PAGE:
To celebrate the 30th birthday of the £1 coin, Money Supermarket is holding a giveaway for bloggers. For each money saving tip you write they will pay you £1 (to a maximum of £30). I've been away the past few days, so I e-mailed them to check that the contest was still going on. They said they still have plenty of money to give away, so if you haven't yet, get writing your entry! Click here for more information.

Anyway, on to my favourite money saving tips!

1. First of all, look after your stuff! By taking care of things, you prolong their life and prevent spending money! (Case in point: me ruining my old laptop through careless tea drinking!)
2. Check you're on the best deal for your utilities!
3. Make things from what you have rather than running out and buying a new item. I made a snazzy draught excluder from an old pair of jeans and some pants!
4. Keep an eye on your meter readings. Water leaks can be very expensive!

5. Make your own fertiliser from stinging nettles!
6. Make compost using vegetable peelings, grass cuttings and cardboard!
7. Grow from seed rather than buying plants - you'll get SO MUCH more for your money!
8. Recycle old egg boxes and toilet tubes as bio-degradable plant pots. 
9. Save water from the shower or washing up to use on thirsty plants.

10. If you spend more than £100 a year on train tickets, check if you are eligible for a railcard. For £20-£28 a year you can save 1/3 on all fares.
11. Ditch the car. Maybe you could sell a car, maybe you could just walk more
. Either way, you're saving fuel, money and the environment.
12. Learn simple car maintenance methods. Looking after your car will save you a lot of money in the long run!
13. Drive efficiently. Don't leave your car idling, don't carry around weight you don't need, don't brake and accelerate sharply.

14. Cooking and freezing a large batch of food in advance will save you time and money!
15. Don't run out of food! You'll be much less tempted to go out to eat if you have food in the house.
16. Eat vegetarian foods. Meat is REALLY expensive, whereas lentils and beans are a cheap source of protein.
17. Take a packed lunch to work. Stop the daily money leak.

18. Ditch the hotel - go camping! A decent campsite costs a tenner a night, with fresh air and birdsong thrown in for free! :)
19. Use your local library. As well as books, many libraries stock the latest magazines and DVDs.
20. Exercise for free. Have a look on Youtube for your favourite exercise, or try jogging or walking around your local area.

Other stuff
21. Try making a gift for someone. The Boyfriend's mum is a big fan of homemade chocolates!
22. Turn clutter into money by selling it on eBay or at a carboot sale.
23. Many colleges offer extremely cheap haircuts and beauty treatments performed by trainees. Everything is checked by a professional before they are allowed to proceed.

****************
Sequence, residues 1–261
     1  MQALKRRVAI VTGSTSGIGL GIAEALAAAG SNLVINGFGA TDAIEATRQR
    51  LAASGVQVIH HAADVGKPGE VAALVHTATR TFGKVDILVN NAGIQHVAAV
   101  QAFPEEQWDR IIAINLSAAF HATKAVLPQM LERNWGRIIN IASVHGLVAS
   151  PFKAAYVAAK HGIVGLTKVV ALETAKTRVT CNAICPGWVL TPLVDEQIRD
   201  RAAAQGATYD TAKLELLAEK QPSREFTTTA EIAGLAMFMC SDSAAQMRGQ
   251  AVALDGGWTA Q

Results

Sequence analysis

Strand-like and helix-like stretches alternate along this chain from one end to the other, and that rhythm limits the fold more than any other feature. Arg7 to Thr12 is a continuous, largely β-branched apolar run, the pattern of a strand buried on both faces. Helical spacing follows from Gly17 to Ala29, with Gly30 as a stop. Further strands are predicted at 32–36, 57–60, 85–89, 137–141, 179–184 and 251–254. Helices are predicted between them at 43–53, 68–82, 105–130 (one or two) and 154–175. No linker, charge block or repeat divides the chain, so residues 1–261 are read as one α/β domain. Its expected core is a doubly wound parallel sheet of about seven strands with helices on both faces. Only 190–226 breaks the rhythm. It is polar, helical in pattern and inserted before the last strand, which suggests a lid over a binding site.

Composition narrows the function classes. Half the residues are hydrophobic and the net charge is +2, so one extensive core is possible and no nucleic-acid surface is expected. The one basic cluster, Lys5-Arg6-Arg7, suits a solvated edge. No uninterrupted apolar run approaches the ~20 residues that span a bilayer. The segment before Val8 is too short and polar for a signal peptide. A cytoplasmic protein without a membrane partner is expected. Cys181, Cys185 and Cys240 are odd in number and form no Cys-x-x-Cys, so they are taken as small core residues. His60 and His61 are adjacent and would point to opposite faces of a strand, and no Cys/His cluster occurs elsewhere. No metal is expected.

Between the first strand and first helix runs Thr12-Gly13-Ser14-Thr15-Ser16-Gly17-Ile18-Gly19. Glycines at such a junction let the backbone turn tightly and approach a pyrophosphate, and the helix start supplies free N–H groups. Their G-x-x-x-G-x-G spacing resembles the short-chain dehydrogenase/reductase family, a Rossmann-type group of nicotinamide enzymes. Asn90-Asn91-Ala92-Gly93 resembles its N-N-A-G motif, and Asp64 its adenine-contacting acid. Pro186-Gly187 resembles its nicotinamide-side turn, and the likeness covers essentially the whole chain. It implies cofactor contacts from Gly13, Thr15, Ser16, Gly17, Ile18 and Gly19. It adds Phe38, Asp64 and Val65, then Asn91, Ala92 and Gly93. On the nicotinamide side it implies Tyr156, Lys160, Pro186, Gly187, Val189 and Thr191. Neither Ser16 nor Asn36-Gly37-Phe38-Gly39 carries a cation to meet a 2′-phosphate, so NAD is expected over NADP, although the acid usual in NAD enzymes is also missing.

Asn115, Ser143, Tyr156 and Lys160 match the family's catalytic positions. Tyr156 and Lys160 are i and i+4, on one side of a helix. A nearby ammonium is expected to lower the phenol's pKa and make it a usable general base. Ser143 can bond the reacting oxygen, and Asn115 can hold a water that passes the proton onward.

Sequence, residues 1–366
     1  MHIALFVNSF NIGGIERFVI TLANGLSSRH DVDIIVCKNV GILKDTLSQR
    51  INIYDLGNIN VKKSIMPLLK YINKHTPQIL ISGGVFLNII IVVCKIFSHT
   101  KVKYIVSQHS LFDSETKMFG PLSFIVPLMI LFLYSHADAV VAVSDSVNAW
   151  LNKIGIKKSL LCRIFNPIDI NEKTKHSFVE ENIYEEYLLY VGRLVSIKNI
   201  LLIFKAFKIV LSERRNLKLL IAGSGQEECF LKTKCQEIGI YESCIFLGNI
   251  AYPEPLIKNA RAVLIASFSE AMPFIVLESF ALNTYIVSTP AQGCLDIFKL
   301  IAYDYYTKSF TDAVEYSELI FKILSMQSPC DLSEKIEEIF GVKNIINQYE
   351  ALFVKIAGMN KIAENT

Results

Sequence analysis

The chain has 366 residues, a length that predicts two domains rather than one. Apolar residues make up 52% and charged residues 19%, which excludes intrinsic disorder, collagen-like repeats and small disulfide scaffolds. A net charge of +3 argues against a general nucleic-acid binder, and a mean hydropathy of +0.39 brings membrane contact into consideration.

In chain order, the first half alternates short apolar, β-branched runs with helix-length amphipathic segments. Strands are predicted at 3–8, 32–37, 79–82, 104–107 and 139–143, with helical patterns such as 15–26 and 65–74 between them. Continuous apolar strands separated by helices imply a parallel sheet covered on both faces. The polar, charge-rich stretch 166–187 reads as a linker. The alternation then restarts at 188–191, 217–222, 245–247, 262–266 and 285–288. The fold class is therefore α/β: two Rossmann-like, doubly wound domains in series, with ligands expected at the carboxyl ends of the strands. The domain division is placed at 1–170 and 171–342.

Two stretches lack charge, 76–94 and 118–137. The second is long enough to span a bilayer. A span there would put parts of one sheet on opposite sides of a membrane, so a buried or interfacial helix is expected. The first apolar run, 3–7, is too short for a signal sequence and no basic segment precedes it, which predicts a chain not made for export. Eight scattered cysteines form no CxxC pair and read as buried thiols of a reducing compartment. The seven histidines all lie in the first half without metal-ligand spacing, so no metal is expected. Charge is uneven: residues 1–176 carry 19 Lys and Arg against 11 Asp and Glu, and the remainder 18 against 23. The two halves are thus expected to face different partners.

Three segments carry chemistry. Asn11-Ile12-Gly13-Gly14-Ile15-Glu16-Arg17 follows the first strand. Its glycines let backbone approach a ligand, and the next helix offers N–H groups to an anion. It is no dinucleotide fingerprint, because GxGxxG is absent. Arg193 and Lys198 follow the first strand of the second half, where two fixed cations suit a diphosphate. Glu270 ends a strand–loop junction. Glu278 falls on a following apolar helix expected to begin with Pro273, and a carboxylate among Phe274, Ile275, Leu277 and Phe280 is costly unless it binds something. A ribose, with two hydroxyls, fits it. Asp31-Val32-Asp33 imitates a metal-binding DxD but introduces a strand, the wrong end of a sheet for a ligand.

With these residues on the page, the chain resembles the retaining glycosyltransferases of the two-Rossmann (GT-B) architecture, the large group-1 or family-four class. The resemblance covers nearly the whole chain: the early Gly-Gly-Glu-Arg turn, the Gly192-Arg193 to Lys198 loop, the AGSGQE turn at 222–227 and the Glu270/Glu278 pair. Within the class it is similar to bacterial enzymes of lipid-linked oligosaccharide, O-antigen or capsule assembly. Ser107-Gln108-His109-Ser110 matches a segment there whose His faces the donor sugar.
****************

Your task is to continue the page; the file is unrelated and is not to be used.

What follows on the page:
24. If you have a tax refund on the way, stick it into an ISA in case of emergencies. If something happens, you have money on hand and will avoid paying credit card interest. You might even earn a few quid!

25. Use rechargeable batteries instead of disposables. They cost about twice as much, but will last you years.
26. When buying something online, you can often find a discount code for free shipping or money off by five minutes of Googling.
27. Make (and stick to) a shopping list! Shops use all sorts of tricks to make you spend more than you'd planned, so avoid the impulse buys!
28. Draw a line on your kettle marking exactly how much water you need. Don't waste energy!
29. Use white vinegar as a degreaser and anti-bacterial spray.
30. Have a No Spend Day. Challenge yourself to forego your morning coffee and popping to the shop to get something for dinner. Make do with what you have and keep your money in your pocket.

What do you do to look after the pounds? :)

Tuesday, 23 April 2013

Showrooming: Is it wrong to view in store then buy online?

Last week I wrote about ways that shops trick people into spending more than they planned, but are the tides turning as people use showrooming to trick them out of a sale?

When was the last time you went "showrooming"?

Showrooming is where you walk into a shop, check out the product that you're planning on buying, then walk out and buy it cheaper online. It was probably responsible for the demise of companies like Jessops and HMV, which sell goods at a higher price than their online competitor Amazon.

So is showrooming immoral?

In my opinion, showrooming is just another form of shopping around. People used to do it before the internet became popular, back when places like Argos were a cheaper rival to many other businesses. I would however say that you're taking the mick when you take up half an hour of an employee's time picking their brain about the product, before picking up your smartphone and ordering online!